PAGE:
Good unemployment benefits are critical for many out-of-work individuals who need to make ends meet while searching for a new job. But the safety net those benefits provide can cause a big hit to employees’ productivity at companies, according to new research from the University of Maryland’s Robert H. Smith School of Business. The research pinpoints a way for companies to mitigate the problem and actually increase productivity: Offer additional great benefits to entice employees to work hard.
John Hancock rallied a nation with his large autograph on the Declaration of Independence, but new research from the University of Maryland’s Robert H. Smith School of Business shows that signature size on corporate financial statements can signal far less noble intentions.
Is a senior executive more likely to sugarcoat how well the firm is doing if that person sits on the company’s board of directors?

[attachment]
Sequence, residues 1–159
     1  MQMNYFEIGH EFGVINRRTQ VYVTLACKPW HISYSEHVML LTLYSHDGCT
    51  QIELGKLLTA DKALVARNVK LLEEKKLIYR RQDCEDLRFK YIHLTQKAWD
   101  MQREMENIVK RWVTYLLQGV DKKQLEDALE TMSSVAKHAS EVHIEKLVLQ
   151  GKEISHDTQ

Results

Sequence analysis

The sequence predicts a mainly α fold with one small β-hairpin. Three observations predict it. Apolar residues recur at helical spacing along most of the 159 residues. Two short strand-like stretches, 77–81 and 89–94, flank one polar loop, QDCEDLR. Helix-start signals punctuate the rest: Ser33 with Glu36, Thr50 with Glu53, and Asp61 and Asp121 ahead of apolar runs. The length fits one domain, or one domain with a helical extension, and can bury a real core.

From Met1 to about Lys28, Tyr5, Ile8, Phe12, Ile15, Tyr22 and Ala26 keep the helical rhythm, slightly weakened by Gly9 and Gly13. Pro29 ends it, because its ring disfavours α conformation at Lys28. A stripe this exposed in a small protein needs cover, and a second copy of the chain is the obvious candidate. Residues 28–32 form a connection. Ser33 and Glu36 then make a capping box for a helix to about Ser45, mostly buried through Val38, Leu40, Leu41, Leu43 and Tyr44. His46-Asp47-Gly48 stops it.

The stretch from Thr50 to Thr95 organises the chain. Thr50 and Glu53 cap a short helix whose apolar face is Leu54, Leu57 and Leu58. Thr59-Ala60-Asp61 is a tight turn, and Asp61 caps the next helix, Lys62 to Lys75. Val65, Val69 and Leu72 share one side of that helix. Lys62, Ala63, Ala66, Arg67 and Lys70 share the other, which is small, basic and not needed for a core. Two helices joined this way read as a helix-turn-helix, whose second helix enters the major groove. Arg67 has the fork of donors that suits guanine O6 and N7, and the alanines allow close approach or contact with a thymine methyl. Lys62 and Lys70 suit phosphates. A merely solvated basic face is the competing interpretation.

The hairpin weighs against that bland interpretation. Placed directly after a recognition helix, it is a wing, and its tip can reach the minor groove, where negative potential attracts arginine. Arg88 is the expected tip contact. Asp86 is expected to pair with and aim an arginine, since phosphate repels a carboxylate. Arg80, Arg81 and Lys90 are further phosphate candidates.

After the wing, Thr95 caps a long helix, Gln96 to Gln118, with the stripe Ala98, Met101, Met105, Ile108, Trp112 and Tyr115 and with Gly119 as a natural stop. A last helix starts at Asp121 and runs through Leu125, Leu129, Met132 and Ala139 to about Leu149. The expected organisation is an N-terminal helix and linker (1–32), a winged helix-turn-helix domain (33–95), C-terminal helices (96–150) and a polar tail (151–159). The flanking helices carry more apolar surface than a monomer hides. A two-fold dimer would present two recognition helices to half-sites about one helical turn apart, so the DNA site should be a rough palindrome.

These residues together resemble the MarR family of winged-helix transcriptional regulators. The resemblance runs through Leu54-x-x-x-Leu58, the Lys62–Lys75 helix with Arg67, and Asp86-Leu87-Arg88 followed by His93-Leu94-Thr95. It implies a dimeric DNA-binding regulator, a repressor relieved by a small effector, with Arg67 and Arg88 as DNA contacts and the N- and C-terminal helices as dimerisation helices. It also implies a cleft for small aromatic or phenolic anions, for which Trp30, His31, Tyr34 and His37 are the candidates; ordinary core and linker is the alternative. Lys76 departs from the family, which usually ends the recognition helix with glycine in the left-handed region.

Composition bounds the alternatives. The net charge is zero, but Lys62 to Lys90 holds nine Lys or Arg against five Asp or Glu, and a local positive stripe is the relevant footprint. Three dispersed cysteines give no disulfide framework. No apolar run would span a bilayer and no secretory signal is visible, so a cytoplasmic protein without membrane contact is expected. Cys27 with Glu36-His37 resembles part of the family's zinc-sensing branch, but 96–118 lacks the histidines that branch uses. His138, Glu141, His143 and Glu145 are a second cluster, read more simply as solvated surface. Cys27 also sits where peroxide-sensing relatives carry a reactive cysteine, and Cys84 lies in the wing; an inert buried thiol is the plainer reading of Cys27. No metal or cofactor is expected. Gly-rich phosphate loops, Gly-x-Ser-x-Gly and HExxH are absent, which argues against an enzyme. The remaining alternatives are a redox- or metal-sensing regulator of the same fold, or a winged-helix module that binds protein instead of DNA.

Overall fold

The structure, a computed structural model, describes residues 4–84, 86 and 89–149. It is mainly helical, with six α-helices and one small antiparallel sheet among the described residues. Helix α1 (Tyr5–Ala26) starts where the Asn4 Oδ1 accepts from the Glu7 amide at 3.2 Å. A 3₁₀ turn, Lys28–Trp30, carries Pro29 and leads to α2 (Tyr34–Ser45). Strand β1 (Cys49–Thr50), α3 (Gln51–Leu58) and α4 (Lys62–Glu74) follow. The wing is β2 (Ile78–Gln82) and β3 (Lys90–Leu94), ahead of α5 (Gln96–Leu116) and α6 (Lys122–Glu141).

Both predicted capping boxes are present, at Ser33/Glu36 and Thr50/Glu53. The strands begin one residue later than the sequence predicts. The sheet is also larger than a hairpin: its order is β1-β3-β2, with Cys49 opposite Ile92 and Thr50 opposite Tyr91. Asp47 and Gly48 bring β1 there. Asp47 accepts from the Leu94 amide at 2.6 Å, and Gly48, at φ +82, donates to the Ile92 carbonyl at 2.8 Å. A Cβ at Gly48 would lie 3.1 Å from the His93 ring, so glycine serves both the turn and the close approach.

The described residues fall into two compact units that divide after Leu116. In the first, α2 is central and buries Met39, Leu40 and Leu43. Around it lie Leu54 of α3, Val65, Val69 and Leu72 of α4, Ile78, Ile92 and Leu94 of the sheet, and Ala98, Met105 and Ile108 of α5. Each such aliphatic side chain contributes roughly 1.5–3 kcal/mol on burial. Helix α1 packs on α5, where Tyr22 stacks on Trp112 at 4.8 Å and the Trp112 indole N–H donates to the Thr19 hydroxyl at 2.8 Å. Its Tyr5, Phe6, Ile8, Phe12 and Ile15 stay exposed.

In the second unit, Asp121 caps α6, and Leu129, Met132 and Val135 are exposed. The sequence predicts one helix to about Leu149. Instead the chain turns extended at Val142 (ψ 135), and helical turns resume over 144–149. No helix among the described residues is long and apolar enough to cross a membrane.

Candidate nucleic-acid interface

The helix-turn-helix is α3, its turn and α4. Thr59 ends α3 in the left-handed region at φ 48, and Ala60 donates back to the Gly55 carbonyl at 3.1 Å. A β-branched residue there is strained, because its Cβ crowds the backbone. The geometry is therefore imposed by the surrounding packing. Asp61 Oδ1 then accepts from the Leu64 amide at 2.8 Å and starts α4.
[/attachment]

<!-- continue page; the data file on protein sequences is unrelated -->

New research from Emanuel Zur, assistant professor of accounting and information assurance at the University of Maryland’s Robert H. Smith School of Business, finds that the executive’s status with the board of directors does indeed have an impact.
Big John Hancocks Signal Narcissism
Why Firms Shouldn’t Knock SOX: How the Regulation Impacts M&A
Wall Street responds to surprises, but not always in intuitive ways. Share prices go up at the firm level when a company issues a stronger than expected earnings report, which makes sense. But the opposite often happens at the aggregate level when companies collectively exceed expectations. Share prices can drop instead of rise.
Personal and corporate income tax laws are complex and expensive. The collective cost of tax filing, record keeping and the like is least $170 billion a year, says Smith School professor Peter Morici. In a column today, Morici says other nations more efficiently rely on consumption taxes. The U.S. system should shift in that direction, he says. Read more...
Research presented at the third annual Journal of Accounting and Public Policy Conference in College Park, Md., shows how the expectation of a safety net — which comes with strings attached — actually reins in shareholders and managers with limited liability.
The Accounting and Information Assurance Department at the University of Maryland's Robert H. Smith School of Business is adding tracks for public accounting and taxation to its 8-year-old Master of Science in Business: Accounting program.
Both additions are 30-credit hour programs and take effect in fall 2014.